Burma to Issue Foreign Bank Licenses by End-Sept: Central Bank
By Daniel Bases 25 September 2014
NEW YORK — Burma will announce an offer by the end this month for between five and 10 foreign banks to open branches in its rapidly expanding economy, the deputy central bank governor told Reuters on Wednesday.
Set Aung, speaking on the sidelines of the Myanmar Investment Outreach conference in New York, said there had been confusion over the timing of the announcement.
“We said the selection process would be complete in the third quarter. As scheduled, the selection process is definitely going to be finalized by the end of this September and then we make the announcement immediately after, the selection process is finished,” Aung said.
The conference, attended by three top ministers, the director of the country’s investment administration and Aung, attracted over 300 bankers, investors and diplomats eager for the nation to accelerate its economic development.
“This is the very first time we are going to allow the foreign banks to open 100 percent-owned branches inside the country to engage in corporate banking business,” Aung said.
However, no U.S. banks will be included on the list as none have representative offices in the country, which opened to the world through landmark reforms in late 2011 and 2012.
Next year parliamentary elections will occur for the first time since President Thein Sein embarked on reforms that dismantled control by the military, which ruled the Southeast Asian nation since seizing power in a 1962 coup.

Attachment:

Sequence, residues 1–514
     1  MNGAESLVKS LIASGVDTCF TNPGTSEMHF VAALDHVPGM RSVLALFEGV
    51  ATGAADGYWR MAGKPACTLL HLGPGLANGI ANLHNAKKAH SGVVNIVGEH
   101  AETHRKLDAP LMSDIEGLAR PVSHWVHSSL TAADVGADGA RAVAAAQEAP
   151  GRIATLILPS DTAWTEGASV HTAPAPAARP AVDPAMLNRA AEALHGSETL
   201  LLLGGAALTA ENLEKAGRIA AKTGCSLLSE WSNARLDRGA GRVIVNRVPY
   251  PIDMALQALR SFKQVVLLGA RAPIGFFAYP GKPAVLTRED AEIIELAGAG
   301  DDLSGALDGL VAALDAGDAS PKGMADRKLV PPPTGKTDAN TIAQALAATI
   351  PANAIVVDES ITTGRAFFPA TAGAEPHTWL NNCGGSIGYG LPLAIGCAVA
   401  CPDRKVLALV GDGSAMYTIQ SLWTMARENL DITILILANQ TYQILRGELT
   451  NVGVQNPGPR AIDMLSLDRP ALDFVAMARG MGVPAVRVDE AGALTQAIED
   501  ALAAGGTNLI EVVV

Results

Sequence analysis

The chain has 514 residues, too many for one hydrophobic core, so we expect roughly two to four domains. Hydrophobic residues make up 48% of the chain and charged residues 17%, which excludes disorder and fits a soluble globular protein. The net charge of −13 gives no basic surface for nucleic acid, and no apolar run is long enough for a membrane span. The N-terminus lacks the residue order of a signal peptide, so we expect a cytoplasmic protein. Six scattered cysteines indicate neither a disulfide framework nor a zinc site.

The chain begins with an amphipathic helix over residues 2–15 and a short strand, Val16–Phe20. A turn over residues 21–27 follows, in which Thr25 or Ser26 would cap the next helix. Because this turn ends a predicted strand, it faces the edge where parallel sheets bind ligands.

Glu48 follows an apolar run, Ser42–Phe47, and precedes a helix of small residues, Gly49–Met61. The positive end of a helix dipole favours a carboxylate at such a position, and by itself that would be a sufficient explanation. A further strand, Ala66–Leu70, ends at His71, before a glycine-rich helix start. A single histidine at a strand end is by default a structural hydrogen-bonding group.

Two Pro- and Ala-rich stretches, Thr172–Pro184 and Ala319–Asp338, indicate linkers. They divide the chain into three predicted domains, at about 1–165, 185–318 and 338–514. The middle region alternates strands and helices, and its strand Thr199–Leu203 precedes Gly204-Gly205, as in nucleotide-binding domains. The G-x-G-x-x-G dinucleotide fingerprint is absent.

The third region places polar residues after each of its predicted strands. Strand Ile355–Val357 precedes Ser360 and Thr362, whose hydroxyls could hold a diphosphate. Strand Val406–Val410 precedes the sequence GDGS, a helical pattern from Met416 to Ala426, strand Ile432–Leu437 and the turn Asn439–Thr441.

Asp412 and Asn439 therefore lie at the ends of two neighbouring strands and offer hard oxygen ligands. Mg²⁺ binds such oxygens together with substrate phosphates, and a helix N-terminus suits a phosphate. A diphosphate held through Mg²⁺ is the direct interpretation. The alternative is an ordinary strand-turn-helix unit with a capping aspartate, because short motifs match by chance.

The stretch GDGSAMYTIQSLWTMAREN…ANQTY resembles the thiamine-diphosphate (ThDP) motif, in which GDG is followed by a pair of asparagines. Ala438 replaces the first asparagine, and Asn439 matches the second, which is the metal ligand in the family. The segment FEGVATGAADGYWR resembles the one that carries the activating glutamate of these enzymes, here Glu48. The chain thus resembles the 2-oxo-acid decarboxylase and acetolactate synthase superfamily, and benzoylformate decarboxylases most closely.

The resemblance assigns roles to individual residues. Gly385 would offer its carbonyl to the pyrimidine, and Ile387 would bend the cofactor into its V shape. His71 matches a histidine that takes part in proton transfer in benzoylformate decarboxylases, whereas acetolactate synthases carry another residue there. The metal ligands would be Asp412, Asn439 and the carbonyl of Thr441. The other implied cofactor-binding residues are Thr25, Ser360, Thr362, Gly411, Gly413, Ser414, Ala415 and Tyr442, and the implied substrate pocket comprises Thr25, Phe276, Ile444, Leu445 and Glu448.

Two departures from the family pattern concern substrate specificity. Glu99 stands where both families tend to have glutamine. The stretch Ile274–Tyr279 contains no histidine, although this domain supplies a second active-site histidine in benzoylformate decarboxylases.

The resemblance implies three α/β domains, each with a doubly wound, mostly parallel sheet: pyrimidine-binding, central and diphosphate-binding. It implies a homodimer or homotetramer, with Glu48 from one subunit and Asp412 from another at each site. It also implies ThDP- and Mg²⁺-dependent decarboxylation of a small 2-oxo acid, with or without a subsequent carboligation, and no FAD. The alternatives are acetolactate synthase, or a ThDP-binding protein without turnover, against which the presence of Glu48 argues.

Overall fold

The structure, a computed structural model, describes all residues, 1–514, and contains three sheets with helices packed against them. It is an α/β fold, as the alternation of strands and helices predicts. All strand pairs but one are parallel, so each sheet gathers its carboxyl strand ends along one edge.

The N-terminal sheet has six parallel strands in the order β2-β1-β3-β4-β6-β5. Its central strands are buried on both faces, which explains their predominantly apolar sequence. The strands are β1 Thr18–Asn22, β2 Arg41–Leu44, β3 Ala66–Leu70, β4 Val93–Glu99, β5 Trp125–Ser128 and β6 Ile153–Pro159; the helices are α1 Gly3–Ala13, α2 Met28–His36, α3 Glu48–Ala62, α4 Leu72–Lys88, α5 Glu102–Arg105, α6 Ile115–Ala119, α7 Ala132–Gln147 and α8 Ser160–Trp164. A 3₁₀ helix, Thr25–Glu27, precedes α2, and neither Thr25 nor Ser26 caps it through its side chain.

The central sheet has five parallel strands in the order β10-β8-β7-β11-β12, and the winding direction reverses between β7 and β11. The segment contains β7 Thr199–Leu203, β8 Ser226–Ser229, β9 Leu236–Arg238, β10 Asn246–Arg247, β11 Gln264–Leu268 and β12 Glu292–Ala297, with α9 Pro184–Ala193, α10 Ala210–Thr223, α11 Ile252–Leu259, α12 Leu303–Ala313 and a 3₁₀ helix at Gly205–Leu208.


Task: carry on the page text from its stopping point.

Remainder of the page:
While the United States has suspended economic sanctions on Burma, they have not been completely lifted and large swaths of the economy remain off-limits because of rules governed by the U.S. Treasury’s Office of Foreign Assets Control.
OFAC maintains the Specially Designated Nationals List, a so-called black list. This forbids U.S. nationals or companies from doing business with persons or entities listed.
Given Burma’s history of being under military control and its still wide influence over the economy, plus its legacy of drug trafficking, a significant number of Burma nationals and companies are on the SDN list.
“For an American company, the banks don’t want to deal with Myanmar… banks are not willing to engage in any transaction, including transferring money in and out with Myanmar or any Myanmar entity, including a subsidiary of a law firm,” said Eric Rose, a lawyer whose New York-based firm does business in Burma.
There are 43 banks that have representative offices in Burma, of which 29 made proposals for their licenses, Aung said.
Separately, Aung said the central bank, which operates as an agent for the Ministry of Finance, expects to hold its first Treasury bill auction in January to kick-start a secondary market for sovereign debt.